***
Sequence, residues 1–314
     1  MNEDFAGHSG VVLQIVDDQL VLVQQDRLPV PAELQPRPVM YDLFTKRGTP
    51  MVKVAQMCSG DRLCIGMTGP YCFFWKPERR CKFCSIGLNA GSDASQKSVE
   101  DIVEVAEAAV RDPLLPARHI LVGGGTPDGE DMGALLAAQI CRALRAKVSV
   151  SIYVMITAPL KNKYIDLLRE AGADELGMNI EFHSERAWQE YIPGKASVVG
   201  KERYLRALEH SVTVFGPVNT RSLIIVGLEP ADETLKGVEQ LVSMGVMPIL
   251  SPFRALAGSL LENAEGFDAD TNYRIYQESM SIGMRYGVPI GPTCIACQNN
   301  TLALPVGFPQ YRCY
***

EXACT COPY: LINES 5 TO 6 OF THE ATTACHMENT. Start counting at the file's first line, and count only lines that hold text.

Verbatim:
   151  SIYVMITAPL KNKYIDLLRE AGADELGMNI EFHSERAWQE YIPGKASVVG
   201  KERYLRALEH SVTVFGPVNT RSLIIVGLEP ADETLKGVEQ LVSMGVMPIL